Some such agency is invoked by mathematicians (though they do not describe it so) when we write “…” (Boe: and so on and so on) and imagine the endless continuation of numbers signified by it. To say more, one can try to imagine what it would be like to conceive counting and think numbers outside the metaphysics of the infinite. One can ask what it might mean to iterate in this universe, the one which in-corporates us, which we embodied humans in-habit, in contrast to the transcendent ghost-space appropriate to a bodiless “mind”. (non-Euclidian counting).
Boe: ...a questioning of Aristotle’s nous, the source of the supposedly natural ability to repeat endlessly. The ability requires a supernatural – disembodied - agency operating, as God is presumed to operate, metaphysically, outside the exigencies of time, space, energy, and physical presence; in short, an immaterial ghost.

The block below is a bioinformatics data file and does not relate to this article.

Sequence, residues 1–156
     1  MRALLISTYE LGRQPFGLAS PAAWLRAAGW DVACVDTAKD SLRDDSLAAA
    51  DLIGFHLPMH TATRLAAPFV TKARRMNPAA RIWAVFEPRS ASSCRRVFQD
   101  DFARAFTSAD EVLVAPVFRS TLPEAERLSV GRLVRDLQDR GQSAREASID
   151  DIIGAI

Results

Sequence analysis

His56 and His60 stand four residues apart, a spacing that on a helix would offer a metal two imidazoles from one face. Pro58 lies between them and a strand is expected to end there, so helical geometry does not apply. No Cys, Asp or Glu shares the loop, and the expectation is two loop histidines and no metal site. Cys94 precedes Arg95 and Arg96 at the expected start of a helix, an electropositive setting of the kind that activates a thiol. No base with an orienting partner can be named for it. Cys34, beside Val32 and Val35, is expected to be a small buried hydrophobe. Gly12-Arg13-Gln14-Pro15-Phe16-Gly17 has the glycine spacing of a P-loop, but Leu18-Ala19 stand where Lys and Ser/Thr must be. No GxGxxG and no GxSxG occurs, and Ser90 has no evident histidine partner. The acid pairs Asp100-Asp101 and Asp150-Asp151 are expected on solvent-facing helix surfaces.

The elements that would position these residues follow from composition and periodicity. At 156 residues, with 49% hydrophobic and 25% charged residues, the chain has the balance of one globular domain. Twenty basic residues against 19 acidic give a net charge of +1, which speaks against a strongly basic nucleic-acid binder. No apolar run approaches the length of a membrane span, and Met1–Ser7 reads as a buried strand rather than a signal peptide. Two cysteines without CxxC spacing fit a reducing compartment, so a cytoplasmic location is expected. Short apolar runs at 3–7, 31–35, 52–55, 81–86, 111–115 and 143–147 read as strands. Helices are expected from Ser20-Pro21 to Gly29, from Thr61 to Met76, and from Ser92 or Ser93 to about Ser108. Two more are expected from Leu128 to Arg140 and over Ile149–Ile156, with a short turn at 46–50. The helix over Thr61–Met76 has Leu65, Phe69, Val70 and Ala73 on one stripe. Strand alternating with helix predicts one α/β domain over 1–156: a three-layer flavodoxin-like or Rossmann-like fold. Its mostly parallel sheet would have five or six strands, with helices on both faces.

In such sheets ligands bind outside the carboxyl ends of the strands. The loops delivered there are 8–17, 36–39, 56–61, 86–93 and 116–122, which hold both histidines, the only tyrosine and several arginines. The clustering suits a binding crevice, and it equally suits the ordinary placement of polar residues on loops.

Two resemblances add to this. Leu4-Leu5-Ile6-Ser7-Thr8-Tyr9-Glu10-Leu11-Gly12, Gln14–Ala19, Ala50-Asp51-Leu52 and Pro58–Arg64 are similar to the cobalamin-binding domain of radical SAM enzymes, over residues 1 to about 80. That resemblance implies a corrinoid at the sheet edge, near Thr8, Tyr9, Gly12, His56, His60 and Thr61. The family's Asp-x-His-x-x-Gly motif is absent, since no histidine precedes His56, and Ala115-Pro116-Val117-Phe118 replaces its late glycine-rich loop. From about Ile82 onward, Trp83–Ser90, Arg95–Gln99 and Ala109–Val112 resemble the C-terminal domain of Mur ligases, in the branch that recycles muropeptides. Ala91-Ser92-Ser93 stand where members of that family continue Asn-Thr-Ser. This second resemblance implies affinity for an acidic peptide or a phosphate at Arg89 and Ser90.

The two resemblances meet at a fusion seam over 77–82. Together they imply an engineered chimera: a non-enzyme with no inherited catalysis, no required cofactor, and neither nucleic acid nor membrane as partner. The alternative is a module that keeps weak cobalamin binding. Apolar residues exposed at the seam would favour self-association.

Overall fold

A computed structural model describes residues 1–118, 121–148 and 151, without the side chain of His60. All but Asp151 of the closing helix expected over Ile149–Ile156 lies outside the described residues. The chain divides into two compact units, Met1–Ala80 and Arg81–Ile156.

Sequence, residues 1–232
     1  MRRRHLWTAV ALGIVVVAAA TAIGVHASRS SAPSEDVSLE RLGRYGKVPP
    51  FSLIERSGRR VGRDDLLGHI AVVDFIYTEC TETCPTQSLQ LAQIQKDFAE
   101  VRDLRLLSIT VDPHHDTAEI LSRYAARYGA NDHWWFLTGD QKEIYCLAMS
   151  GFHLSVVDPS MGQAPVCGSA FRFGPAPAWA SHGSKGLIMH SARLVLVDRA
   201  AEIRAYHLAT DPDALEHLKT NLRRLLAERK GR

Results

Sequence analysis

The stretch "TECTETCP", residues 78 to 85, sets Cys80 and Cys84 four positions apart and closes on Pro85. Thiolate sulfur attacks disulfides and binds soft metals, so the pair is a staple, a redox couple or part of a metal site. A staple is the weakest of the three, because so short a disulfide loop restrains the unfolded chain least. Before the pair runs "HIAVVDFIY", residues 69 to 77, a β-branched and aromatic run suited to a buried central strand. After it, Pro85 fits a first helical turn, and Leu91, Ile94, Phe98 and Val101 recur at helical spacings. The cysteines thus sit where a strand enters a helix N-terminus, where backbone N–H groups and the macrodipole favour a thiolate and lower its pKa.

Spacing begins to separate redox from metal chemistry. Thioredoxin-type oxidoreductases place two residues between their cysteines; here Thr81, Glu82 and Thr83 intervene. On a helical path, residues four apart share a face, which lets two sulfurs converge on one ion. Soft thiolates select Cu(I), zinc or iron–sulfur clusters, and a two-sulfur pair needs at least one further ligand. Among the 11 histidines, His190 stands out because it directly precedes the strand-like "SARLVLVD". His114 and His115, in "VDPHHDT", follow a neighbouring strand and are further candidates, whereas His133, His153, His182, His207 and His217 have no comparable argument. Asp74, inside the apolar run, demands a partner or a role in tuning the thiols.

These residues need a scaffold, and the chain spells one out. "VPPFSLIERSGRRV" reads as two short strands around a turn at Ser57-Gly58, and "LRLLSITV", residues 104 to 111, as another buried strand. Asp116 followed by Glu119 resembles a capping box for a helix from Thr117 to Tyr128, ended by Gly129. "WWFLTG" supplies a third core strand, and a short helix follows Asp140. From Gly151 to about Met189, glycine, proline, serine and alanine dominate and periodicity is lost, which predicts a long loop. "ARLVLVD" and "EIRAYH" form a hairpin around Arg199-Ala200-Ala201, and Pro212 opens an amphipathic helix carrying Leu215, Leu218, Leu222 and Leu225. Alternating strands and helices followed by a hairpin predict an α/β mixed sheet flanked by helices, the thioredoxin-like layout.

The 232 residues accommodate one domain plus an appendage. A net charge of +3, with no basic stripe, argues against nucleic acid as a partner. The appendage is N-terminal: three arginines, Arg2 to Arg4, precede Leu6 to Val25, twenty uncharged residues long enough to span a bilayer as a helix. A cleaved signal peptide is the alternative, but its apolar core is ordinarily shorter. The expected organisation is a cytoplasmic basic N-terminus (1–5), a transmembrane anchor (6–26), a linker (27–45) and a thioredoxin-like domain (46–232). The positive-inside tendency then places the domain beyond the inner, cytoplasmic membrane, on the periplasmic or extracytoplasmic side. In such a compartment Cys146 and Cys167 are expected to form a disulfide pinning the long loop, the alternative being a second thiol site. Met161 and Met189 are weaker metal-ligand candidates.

...the transcendent ghost-space appropriate to a bodiless “mind”
Becoming Beside Ourselves pushes the question of supernatural agencies further back, situating them mediologically, in the context of their production. It asks: How, by what material, cognitive-affective, means, did God and “mind” come to be - to exist, to be known, to be objects of belief - within Western culture?
Unlike its predecessors, this essay’s primary orientation is not mathematical signs. True, God and Mind arrive floating ghostlike inside the mathematical infinite; their origins, however, are the letters of the alphabet which write speech, not in mathematical ideograms and diagrams inscribing ideas.
Specifically, I argue the following thesis: